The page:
World_news Asian markets fall as Hong Kong tensions remain high – MarketWatch


Asian markets fell in early trading Tuesday as tensions in Hong Kong ratcheted up following protests Monday that shut down the city’s airport.

Hong Kong’s airport, one of the world’s busiest, struggled to reopen Tuesday, while protests continued, though at a smaller scale. While some flights resumed, many were canceled amid a backlog of flights following Monday’s closure.

After 10 weeks, the pro-democracy demonstrations show no sign of letting up, while Chinese officials have used the term “terrorism” to describe the protests. The clashes have weakened investors’ confidence, some analysts said, and there are fears that a harsh crackdown by China could trigger a global market selloff.

“Dropping the ‘T’ word is particularly disturbing as it does suggest a more aggressive mainland response, which triggered a wave of risk aversion across global markets,” Stephen Innes, managing partner at VM Markets, said in a note Monday night.

Read: How Hong Kong clashes could wallop the U.S. stock market

Meanwhile, China’s central bank set the yuan’s midpoint weaker than 7 per U.S. dollar for a fourth straight day Tuesday. The reference point of 7.0326 per dollar was weaker than the previous day, but still stronger than what analysts had expected.

Hong Kong’s Hang Seng Index

HSI, -1.91%

  fell 1.7%, while the Shanghai Composite

SHCOMP, -0.71%

  slipped 0.7% and the smaller-cap Shenzhen Composite

399106, -0.80%

  retreated 0.9%. Japan’s Nikkei

NIK, -1.11%

  dropped 1.1% following a holiday Monday, and South Korea’s Kospi

180721, -0.85%

  edged down 0.6%. Benchmark indexes in Taiwan

Y9999, -1.05%

 , Singapore

STI, -0.90%

  and Indonesia

JAKIDX, -0.59%

  all fell, while Australia’s S&P/ASX 200

XJO, -0.33%

  inched down slightly.

Among individual stocks, SoftBank

9984, -2.37%

  dropped in Tokyo trading, along with Fast Retailing

9983, -1.23%

  and Nintendo

7974, -2.61%

 . In Hong Kong, casino operator Galaxy Entertainment

27, -4.99%

 , insurer AIA Group

1299, -2.31%

  and developer Sino Land

83, -1.77%

  fell. Samsung

005930, -1.60%

  declined in South Korea, while Foxconn

2354, -0.97%

  fell in Taiwan. Beach energy

BPT, +1.60%

  surged in Australia, as did Fortescue Metals

FMG, +3.59%


Investor anxiety has also been fed by President Donald Trump’s threat of new U.S. tariff hikes on Chinese goods and weaker-than-expected data from India, Argentina and Singapore.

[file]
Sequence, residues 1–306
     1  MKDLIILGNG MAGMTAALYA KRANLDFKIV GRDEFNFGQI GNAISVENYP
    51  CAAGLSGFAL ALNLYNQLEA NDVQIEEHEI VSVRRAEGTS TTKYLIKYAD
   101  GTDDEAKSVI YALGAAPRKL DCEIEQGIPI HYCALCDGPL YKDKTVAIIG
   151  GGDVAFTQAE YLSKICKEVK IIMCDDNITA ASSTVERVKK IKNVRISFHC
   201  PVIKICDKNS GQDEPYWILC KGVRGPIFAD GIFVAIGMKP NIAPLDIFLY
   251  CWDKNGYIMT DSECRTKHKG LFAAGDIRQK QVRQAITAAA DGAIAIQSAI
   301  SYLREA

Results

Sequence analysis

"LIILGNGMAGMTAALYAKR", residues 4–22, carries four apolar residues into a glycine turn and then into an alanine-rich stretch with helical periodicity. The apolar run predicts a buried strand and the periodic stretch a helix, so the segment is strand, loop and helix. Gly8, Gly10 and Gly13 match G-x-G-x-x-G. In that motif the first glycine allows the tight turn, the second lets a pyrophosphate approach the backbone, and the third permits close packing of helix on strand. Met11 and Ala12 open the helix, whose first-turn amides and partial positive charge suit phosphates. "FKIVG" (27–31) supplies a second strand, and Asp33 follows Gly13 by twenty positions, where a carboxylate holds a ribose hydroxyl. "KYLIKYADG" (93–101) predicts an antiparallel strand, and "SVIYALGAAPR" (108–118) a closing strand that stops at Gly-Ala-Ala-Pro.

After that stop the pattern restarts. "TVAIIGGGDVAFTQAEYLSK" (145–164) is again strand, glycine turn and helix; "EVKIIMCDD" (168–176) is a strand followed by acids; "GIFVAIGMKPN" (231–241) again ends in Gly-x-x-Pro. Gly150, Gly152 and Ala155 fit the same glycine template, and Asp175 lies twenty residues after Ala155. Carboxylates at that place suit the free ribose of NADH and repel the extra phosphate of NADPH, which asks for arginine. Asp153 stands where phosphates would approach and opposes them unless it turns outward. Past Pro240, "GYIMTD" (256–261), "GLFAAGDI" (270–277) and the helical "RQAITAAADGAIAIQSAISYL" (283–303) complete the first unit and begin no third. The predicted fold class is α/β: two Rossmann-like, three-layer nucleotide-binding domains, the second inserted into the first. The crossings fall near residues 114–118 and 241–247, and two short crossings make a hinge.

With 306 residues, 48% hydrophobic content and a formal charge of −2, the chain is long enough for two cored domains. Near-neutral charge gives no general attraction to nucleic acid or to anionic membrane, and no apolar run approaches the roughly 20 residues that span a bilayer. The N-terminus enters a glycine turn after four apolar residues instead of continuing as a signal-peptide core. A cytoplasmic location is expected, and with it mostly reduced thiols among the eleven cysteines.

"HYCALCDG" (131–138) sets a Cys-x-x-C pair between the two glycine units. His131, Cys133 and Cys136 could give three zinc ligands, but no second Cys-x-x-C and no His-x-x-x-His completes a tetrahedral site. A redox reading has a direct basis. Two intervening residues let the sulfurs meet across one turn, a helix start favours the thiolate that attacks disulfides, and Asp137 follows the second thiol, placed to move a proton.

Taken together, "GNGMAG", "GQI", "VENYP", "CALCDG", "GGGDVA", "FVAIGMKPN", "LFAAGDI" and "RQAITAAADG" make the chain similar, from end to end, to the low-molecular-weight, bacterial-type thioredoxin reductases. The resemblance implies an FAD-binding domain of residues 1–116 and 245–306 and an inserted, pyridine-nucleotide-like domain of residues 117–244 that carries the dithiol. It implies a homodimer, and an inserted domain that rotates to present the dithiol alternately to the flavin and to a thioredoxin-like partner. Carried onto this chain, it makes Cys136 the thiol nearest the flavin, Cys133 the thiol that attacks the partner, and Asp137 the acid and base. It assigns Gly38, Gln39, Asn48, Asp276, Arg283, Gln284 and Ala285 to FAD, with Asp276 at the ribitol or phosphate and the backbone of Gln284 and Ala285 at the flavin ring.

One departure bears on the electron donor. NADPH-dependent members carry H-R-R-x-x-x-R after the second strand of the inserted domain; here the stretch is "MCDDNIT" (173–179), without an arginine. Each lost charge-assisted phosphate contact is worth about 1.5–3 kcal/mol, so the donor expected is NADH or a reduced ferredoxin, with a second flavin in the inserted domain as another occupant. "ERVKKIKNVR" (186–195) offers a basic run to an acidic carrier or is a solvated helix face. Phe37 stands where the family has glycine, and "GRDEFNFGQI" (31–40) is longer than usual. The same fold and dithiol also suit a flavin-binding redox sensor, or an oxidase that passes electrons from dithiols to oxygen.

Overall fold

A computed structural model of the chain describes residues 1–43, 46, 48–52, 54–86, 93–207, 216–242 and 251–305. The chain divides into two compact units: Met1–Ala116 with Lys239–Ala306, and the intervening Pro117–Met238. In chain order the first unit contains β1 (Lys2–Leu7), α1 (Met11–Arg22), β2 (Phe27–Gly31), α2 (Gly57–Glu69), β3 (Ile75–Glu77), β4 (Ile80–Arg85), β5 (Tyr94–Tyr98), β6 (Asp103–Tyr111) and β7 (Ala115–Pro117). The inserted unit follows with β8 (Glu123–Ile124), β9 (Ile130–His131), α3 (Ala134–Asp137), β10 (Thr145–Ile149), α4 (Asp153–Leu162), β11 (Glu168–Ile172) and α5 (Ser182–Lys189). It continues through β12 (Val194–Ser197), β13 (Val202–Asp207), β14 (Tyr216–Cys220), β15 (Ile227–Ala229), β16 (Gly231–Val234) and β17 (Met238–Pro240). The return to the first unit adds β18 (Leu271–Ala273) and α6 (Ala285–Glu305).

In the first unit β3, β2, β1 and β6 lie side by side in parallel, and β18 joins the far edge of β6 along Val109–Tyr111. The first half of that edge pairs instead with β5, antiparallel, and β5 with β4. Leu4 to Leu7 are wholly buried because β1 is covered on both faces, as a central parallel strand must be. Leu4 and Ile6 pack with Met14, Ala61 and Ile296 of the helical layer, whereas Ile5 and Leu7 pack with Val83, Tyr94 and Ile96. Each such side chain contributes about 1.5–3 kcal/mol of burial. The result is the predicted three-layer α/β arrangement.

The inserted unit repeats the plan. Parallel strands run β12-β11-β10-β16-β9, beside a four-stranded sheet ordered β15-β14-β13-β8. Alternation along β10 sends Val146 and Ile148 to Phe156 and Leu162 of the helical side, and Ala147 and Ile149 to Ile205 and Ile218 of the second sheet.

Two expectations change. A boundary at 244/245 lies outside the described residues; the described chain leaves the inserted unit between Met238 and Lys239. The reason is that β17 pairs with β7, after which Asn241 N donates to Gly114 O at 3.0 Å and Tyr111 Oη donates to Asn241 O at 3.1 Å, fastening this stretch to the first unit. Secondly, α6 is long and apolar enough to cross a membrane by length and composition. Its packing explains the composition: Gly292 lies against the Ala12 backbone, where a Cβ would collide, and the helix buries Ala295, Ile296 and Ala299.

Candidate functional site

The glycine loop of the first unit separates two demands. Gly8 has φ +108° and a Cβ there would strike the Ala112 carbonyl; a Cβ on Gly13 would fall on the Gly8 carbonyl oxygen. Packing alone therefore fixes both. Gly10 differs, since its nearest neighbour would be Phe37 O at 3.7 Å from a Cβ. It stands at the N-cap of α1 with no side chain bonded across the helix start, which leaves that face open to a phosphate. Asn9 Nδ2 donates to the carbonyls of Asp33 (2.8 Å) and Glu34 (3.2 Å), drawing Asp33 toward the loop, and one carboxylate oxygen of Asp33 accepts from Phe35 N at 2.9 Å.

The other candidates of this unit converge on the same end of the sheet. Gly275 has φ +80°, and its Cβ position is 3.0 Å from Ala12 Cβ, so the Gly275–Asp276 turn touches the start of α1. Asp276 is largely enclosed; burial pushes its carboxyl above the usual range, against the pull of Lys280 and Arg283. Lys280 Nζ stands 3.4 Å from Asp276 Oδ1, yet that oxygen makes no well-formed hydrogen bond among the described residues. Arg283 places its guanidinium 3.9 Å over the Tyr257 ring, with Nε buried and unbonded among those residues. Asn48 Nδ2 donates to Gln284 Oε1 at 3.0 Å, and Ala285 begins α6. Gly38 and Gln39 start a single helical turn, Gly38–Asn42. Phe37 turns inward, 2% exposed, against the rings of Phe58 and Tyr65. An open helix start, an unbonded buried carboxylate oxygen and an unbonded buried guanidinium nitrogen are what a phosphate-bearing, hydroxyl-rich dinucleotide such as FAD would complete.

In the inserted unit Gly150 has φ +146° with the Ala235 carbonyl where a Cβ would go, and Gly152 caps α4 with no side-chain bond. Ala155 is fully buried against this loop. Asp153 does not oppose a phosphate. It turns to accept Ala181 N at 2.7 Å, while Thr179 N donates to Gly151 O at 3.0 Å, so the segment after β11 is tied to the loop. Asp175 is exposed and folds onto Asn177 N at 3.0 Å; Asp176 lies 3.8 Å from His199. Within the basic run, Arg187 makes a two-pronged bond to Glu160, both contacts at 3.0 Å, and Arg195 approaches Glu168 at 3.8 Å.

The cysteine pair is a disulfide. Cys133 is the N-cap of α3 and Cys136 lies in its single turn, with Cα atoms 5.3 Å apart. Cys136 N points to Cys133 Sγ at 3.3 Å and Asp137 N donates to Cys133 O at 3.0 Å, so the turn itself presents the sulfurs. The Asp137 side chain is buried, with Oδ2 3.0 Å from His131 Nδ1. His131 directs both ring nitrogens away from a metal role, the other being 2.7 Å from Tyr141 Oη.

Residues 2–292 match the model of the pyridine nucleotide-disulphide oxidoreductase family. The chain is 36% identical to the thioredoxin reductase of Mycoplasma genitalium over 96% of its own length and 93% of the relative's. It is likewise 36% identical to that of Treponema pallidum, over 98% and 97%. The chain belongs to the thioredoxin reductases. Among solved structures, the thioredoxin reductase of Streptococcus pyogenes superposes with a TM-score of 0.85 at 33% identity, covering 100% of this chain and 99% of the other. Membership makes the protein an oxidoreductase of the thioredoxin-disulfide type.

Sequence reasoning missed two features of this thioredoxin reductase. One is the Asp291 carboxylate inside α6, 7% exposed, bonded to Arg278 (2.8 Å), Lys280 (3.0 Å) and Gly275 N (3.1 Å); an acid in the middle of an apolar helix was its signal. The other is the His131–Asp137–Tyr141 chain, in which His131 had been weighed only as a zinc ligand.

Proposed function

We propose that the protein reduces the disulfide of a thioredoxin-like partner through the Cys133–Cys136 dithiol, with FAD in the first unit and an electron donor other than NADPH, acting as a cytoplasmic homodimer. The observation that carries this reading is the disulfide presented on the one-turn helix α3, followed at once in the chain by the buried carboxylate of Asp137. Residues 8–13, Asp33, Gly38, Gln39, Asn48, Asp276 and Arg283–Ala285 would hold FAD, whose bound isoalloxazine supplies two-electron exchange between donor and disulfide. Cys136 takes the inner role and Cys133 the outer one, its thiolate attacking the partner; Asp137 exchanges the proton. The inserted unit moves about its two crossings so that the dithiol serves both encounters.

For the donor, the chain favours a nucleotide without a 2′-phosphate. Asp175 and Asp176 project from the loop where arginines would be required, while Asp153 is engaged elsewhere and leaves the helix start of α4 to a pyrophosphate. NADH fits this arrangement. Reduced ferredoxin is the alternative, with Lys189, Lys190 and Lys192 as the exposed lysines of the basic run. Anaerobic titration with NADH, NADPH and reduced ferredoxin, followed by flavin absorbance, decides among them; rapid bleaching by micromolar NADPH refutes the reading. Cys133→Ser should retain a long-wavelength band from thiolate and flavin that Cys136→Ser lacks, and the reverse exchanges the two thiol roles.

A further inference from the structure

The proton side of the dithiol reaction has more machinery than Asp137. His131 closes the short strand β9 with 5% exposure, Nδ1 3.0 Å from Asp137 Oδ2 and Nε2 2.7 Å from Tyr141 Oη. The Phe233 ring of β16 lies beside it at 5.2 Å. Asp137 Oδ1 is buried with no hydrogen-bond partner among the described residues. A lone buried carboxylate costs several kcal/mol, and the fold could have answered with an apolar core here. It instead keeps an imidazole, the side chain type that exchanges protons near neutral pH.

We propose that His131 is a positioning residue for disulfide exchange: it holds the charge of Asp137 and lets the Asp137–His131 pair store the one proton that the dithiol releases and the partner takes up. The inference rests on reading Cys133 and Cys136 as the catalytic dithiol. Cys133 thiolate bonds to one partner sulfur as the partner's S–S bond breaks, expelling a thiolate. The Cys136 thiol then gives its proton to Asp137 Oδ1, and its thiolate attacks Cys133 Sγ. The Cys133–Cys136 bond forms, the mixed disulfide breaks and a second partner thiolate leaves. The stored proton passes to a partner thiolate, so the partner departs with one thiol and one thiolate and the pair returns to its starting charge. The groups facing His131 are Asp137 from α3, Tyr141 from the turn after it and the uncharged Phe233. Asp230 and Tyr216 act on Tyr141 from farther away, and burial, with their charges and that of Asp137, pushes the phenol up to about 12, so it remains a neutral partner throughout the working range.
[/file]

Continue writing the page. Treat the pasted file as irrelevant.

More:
“The global economy is perched precariously, hoping for a positive inflection, but braced for a stumble,” said Vishnu Varathan of Mizuho Bank in a report.

On Wall Street, the benchmark S&P 500 had its biggest decline in a week while the Dow Jones Industrial Average lost nearly 400 points. Selling was widespread. Technology companies and banks accounted for a big share of the decline.

Investors sought safety in U.S. government bonds, sending their yields tumbling. The price for gold, another traditional safe-haven asset, closed higher.

The S&P 500

SPX, -1.22%

  lost 1.2% to 2,883.09. The Dow

DJIA, -1.48%

  fell 1.5%, or 389.73 points, to 25,897.71. The Nasdaq composite

COMP, -1.20%

  dropped 1.2% to 7,863.41.

Trump has promised 10% tariffs on some $300 billion in Chinese imports that haven’t already been hit with tariffs of 25%. The new tariff would go into effect Sept. 1 and more directly affect U.S. consumers.

Last week, Trump said he’d be “fine” if the U.S. and China don’t go ahead with a meeting next month, dampening investors’ hopes for a resolution.

Benchmark U.S. crude

CLU19, -0.64%

  lost 13 cents to $54.80 per barrel in electronic trading on the New York Mercantile Exchange. The contract gained 43 cents on Monday to close at $54.93. Brent crude

BRNV19, -0.72%

 , used to price international oils, declined 19 cents to $58.38 per barrel in London. It added 4 cents the previous session to $58.57.

The dollar

USDJPY, +0.00%

  gained to 105.57 yen from Monday’s 105.30 yen.

Read More